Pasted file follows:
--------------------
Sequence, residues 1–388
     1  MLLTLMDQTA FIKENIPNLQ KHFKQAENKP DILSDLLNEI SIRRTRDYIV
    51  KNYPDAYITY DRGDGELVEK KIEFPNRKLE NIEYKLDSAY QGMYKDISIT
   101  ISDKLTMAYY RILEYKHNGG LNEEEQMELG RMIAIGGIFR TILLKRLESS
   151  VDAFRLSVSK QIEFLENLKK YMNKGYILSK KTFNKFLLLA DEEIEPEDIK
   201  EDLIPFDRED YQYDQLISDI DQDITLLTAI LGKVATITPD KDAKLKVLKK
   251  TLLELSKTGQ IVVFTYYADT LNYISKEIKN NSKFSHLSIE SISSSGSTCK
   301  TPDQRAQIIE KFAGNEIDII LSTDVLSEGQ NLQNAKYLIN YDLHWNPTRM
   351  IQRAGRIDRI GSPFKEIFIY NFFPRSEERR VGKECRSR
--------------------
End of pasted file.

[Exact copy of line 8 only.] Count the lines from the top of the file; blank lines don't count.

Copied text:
   301  TPDQRAQIIE KFAGNEIDII LSTDVLSEGQ NLQNAKYLIN YDLHWNPTRM